NHS 'CFS/ME' Centres Condemned (RiME Newsletter Autumn 2005)
Extracts from letters sent to West Kent Health Officials: Sevenoaks:
‘.... ME and Chronic fatigue are being lumped together.... The CFS Service says it will treat 'CFS/ME' with CBT sessions.. by a psychologist.. This appears to have all the hallmarks of the 'Wessely School of Psychiatrists'. There would appear to be an erroneous assumption that PWME per se have low self-esteem and motivation, and negative thoughts, and therefore become inactive... this is not the case....’
RiME - Research into Myalgic Encephalomyelitis Sample letters from January to June 2002
‘ME is a neurological illness, and is classified as such by the World Health Organisation, A substantial body of biomedical research (mostly carried out in the U.S.) Has demonstrated physical abnormalities in both the Central Nervous System and the Musculoskeletal, Cardiovascular, Immune and Endocrine systems.
A small number of studies have been earned out in the U.K., but in a piecemeal fashion and funded on a shoestring solely by charities and private donations It is utterly unrealistic to expect that small charities can find the sums of money required for serious research.
Despite this, the DOH has funded nothing other than psychological psychiatric research into this illness This is utterly inappropriate, as shown by the facts that despite millions of pounds of backing (mostly via the Linbury Trust), this approach has failed to advance knowledge of the cause and effective treatment of M.E.. On the contrary, it has done nothing other than falsely portray M.E. patients as suffering from a psychiatric disorder. This has resulted in inappropriate and harmful treatment, and denial of basic social security benefits. This has lead to great distress and unnecessary suffering for many patients already struggling under the terrible burden of illness.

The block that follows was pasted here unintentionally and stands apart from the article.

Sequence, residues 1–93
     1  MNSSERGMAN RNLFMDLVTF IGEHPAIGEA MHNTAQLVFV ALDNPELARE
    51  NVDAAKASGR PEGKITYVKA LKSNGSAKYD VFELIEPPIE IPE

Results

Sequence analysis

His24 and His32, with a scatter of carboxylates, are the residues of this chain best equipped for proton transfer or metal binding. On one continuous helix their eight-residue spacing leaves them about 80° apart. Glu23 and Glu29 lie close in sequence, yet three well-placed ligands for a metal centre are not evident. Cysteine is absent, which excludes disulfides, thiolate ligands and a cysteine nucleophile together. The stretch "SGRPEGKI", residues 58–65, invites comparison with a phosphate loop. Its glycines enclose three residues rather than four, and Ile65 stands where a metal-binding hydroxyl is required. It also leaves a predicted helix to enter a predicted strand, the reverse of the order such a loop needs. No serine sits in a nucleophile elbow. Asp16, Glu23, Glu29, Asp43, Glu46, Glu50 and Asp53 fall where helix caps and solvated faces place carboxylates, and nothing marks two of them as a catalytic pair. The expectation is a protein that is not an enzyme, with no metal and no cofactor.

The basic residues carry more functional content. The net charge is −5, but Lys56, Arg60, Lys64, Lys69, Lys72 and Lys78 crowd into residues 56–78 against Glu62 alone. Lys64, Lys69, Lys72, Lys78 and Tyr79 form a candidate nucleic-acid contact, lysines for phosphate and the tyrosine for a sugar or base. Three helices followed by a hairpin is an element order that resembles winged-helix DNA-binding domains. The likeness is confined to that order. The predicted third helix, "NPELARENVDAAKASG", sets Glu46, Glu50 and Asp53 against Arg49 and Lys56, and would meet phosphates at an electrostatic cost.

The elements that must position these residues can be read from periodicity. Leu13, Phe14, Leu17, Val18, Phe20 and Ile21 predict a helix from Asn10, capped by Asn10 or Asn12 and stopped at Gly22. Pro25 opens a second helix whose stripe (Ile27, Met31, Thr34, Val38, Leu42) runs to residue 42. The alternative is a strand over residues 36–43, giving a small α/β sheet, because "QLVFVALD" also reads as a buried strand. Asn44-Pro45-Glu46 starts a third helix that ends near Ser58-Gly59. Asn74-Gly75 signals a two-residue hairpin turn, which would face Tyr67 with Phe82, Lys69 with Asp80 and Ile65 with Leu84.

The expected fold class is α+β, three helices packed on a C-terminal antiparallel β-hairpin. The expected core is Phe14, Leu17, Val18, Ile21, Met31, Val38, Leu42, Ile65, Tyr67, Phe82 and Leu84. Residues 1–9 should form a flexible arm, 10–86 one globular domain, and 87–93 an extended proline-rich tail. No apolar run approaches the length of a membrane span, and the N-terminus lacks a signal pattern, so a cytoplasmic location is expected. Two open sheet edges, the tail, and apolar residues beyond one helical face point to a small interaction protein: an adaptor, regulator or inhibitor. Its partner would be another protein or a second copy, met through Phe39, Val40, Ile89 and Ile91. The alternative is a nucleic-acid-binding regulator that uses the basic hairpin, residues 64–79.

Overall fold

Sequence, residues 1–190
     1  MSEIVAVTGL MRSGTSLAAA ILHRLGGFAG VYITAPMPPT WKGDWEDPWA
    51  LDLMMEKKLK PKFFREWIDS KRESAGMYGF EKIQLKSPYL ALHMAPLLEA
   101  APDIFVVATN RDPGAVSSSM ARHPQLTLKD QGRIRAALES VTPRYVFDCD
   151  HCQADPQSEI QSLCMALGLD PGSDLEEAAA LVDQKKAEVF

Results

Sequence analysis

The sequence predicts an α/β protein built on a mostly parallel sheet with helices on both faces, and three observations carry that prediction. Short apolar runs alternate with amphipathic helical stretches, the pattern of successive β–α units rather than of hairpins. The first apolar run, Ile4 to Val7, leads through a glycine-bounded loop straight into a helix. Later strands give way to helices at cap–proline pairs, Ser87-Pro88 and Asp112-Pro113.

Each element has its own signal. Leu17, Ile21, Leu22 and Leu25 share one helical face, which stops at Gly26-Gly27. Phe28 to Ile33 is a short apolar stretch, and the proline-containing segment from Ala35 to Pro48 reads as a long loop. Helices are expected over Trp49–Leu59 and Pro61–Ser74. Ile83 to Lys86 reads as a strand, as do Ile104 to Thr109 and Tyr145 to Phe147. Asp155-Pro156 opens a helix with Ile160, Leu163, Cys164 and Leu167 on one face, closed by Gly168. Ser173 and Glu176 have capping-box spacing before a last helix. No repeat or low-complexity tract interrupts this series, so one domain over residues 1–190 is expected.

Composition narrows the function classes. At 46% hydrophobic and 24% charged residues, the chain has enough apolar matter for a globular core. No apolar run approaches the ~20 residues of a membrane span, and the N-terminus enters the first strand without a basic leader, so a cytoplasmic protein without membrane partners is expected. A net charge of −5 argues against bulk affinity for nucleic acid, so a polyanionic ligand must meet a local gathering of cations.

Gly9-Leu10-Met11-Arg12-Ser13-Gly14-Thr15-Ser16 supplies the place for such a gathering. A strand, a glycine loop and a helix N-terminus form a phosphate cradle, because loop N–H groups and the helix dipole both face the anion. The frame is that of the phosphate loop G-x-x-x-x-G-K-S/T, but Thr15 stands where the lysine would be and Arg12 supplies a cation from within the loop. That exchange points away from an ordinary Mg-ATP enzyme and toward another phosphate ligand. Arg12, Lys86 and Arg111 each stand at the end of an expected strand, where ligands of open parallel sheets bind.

This shameful situation should not be allowed to continue. M.E. is not a mental health issue, and it is therefore imperative that research into the biological causes of, and treatment for, M.E. is undertaken, and that psychological / psychiatric research should not be considered, by the MRC.
Do they know that most patients with severe CFS / ME have never been properly clinically examined in the first place? (Wessely's 1991 definition criteria do not require or permit evidence of neurological dysfunction to be taken into account).
It is all a question of selection and definition of cases studied and published.
No normal person is opposed in principle to any treatment which may offer even a glimmer of respite from such dreadful suffering and quality of life. If GA or CBT helped, desperate people would be queuing up in droves. It is because it does not help, and because it actually makes some people worse, that it is met with such opposition.
Patients know that what world expert on CFS / ME Dr Paul Cheney says is right -
"The most important thing about exercise is not to have them do aerobic exercise. I believe that even progressive aerobic exercise, especially in phase one and possibly in other phases is counterproductive. If you have a defect in mitochondrial function and you push the mitochondria by exercise, you kill the DNA".
This is the exact opposite of what Wessely et al believe: they urge patients to undergo exercise programmes, claiming that such programmes are beneficial and safe.
People have died after following such programmes, but because the evidence is "only anecdotal", it is ignored. Presumably no-one will heed it until there has been a replicated double-blind, placebo-controlled trial proving that, dear me, patients do die from inappropriate interventions.
The real point of all this is that anyone, whether medically qualified or not, who looks at the worldwide published evidence on the devastation caused by CFS / ME could not fail to realise that it is offensively inappropriate to suggest (let alone to forcibly promote) the notion that such catastrophic illness could be cured by (or amenable to) cognitive behavioural therapy. It is akin to suggesting that if an amputee will only let himself believe that he still has a.limb, he will cease to be disabled.
By churning out endless papers which promote CBT as "treatment" for CFS / ME, Wessely is trashing and trivialising terrible human suffering and by his influence, UK patients and physicians are being deprived of access to current knowledge.